I recentely faced the issue of random access decryption while AES-GCM was being used. I said this person that the underlying CTR should allow parallelization but I have no idea how authentication comes into play.

Now I know that one of the cool features of CTR is that you can decrypt any block without needing to involve any other blocks. I also know that CTR is part of the basis for GCM.

Now my question(s) are:

  1. Can one somehow parallelize encryption of data in GCM mode (only CTR part? Parts of the MAC as well?)
  2. Is it possible to get random access to decrypted ciphertexts (+ fast verification?) or is at least somehow possible to parallelize decryption and authentication (do either of both in parallel or internally parallelize?)?
  • Bouncy Castle even has a trick implemented to handle addition of Additional Authenticated Data after normal data has been processed, although it does require modulo exponentiation in addition to multiplication, which requires additional tables. – Maarten Bodewes Aug 13 '15 at 22:38
  • Please ask only one question per question. This site format works best when you ask only one question. If you ask two questions, you can create problems (e.g., if one answer explains the answer to question #1, and another explains the answer to question #2, how are you going to choose which one to accept?). It's usually better to avoid this: if you have two questions, it is often better to post two separate questions -- in 2 separate posts. Thank you. – D.W. Aug 14 '15 at 3:46
  • Decryption of individual blocks is not unique to CTR. You can also decrypt individual blocks of a CBC or CFB encryption. But it is not a very interesting feature for an authenticated encryption, since you can't authenticate individual blocks. – kasperd Aug 14 '15 at 16:06
up vote 18 down vote accepted

Contrary to what Stephen says, you absolutely can compute the tag in parallel.

Here's how it works; the tag computation is essentially "assemble the AAD, data, the length field and $Encr(Nonce)$ into a series of values $x_n, x_{n-1}, x_{n-2}, ..., x_0$", and then "compute the polynomial $x_nh^n + x_{n-1}h^{n-1} + x_{n-2}h^{n-2} + ... + x_0h^0$

This computation is evaluated within the field $GF(2^{128})$; since it is a field, all the standard ways of rearranging the polynomial work.

For example, if we wanted to convert this into a three-way parallelism, we could compute $j = h^3$, and then the three polynomials in parallel:

$$tag_2 = j^0x_2 + j^1x_5 + j^2x_8 + ...$$ $$tag_1 = j^0x_1 + j^1x_4 + j^2x_7 + ...$$ $$tag_0 = j^0x_0 + j^1x_3 + j^2x_6 + ...$$

and then combine them for the final result $tag = h^2tag_2 + h^1tag_1 + h^0tag_0$

Obviously, we can tune this to whatever degree of parallelism that suits us, and we haven't changed the tag result in any way.

Stephen also notes that the entire message needs to be scanned to compute the tag; this is trivally true of any method that has a tag that's a complex function of the entire message.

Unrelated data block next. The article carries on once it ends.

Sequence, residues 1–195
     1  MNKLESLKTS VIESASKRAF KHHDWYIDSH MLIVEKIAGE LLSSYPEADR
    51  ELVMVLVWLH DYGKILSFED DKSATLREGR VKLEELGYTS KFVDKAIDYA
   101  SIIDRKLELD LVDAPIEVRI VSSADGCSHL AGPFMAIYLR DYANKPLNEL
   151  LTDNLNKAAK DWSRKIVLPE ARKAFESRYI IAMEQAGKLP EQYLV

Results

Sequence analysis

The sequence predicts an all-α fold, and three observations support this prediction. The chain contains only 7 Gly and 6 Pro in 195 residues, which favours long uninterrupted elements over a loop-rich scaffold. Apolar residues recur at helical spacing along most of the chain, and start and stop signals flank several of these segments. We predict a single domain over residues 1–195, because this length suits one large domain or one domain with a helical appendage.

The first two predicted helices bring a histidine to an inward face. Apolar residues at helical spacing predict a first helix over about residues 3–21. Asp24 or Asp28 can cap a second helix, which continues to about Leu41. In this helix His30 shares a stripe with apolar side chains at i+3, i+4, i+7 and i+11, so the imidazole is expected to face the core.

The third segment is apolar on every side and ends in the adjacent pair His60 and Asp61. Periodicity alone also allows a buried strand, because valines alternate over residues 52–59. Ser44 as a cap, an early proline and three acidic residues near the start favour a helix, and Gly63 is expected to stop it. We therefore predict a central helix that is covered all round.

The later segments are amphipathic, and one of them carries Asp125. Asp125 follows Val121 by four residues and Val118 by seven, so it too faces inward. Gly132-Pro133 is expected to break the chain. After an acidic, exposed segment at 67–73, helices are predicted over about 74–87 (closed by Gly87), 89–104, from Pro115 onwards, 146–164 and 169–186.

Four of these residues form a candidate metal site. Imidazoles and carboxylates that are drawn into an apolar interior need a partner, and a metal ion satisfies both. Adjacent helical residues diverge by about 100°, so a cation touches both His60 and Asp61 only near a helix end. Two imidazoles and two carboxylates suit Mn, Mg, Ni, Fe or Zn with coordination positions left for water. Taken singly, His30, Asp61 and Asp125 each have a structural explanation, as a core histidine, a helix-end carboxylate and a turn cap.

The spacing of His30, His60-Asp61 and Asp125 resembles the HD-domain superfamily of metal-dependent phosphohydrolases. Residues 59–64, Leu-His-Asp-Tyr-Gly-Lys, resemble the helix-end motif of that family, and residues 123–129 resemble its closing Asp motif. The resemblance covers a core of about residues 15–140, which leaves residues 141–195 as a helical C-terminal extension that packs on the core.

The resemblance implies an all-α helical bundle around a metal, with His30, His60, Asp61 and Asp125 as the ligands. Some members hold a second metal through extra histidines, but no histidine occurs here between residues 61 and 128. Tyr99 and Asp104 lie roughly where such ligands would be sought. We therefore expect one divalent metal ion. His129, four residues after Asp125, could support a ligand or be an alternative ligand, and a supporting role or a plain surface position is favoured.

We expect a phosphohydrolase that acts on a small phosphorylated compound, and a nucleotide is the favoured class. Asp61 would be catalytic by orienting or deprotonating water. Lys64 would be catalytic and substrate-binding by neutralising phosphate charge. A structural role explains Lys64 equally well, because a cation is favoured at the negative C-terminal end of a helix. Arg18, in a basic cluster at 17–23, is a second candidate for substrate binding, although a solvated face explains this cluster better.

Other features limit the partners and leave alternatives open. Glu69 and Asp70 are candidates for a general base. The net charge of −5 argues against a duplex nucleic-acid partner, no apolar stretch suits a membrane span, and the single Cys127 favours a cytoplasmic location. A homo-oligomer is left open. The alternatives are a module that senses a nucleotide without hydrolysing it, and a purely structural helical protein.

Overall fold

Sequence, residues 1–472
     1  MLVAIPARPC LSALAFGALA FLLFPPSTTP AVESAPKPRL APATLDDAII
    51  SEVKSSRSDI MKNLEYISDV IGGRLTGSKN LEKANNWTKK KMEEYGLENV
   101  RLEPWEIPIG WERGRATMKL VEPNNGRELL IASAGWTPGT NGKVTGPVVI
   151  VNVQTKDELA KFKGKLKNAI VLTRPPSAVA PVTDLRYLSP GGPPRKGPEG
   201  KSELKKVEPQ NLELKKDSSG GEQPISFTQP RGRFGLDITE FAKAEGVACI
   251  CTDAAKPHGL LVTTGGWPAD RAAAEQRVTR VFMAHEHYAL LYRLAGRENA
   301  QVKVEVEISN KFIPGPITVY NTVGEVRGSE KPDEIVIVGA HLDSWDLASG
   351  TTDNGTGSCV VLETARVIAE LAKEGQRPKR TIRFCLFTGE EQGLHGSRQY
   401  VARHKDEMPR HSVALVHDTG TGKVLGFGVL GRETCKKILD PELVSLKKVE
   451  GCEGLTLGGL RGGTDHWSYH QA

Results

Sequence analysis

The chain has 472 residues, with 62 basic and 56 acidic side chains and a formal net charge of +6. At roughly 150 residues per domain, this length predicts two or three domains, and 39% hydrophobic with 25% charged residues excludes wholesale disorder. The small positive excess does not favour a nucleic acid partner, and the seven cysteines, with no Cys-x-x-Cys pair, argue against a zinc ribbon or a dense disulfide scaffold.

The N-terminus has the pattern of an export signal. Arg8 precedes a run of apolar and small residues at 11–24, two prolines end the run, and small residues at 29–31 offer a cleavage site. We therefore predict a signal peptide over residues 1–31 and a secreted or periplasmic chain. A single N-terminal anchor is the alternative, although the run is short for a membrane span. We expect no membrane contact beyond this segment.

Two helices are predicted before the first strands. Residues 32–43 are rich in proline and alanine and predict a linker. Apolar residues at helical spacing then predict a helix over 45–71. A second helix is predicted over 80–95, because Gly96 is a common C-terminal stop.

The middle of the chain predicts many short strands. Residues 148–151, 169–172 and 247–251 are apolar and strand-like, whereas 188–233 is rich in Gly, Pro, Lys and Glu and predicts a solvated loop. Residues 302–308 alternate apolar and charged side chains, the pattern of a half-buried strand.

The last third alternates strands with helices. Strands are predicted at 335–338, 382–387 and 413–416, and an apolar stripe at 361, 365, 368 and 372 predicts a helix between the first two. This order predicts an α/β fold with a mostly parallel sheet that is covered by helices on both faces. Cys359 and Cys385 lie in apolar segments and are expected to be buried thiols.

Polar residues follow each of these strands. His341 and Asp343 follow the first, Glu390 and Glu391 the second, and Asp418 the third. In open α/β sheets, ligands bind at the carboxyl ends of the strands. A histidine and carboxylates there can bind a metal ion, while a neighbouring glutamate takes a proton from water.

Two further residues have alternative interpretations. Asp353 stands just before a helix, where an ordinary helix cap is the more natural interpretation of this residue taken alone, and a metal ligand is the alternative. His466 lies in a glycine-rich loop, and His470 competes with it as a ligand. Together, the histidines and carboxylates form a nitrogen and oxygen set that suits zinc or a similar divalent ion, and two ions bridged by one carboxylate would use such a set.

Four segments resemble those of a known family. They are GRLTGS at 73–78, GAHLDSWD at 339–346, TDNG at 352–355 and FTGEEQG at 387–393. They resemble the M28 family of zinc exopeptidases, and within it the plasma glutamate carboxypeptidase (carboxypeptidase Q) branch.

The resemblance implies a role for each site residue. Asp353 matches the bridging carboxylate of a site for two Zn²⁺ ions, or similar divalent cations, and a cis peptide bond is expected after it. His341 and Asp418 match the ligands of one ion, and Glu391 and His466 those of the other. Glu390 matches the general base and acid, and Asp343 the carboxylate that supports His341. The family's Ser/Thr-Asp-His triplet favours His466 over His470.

• Note that there is a related question #2. It would be nice if the answer would be fully separate of that of Stephen. – Maarten Bodewes Aug 13 '15 at 22:41
  • @MaartenBodewes, well with some fantasy one can imagine that this answer catches #1 and #2 although not as explicit as Stephen does it. We know CTR has random-access and we know also know that tag computations can be heavily speeded-up. Further we know that we have to compute the tag over the whole message and as the tag is computed over the ciphertext we only need to decrypt the part of the message that interests us and can use the "fast verification" to ensure our decrypted block is actually correct. – SEJPM Aug 14 '15 at 14:42
  • Thanks for the correction! I've updated my answer to refer to yours. – Stephen Touset Aug 14 '15 at 17:28
  • @SEJPM We know that yes :) I just wanted to make the excellent answer by Poncho independent of that of Stephen (he's already corrected his answer by now) and make sure that future readers - not just the top 20 contributors - can understand it without doing all the deductions themselves. – Maarten Bodewes Aug 15 '15 at 15:59
  • Can this be used to bitslice the authentication? – Demi Apr 5 '16 at 18:45

The GCM flowchart on Wikipedia and my intuition support the notion that some of the GCM work can be done in parallel. At the very least you can do each $E_k(ctr)$ operation in parallel, but it doesn't look like you should be able to parallelize the authentication, as each $mult_H$ requires the output of a previous call as its input. Edit: poncho explains why this is wrong in his answer.

Similarly, you can do random-access decryption, but to achieve authentication still requires an authentication pass over the entire ciphertext. That said, it's still a reduction of work since you only have to compute $E_k(ctr)$ once.

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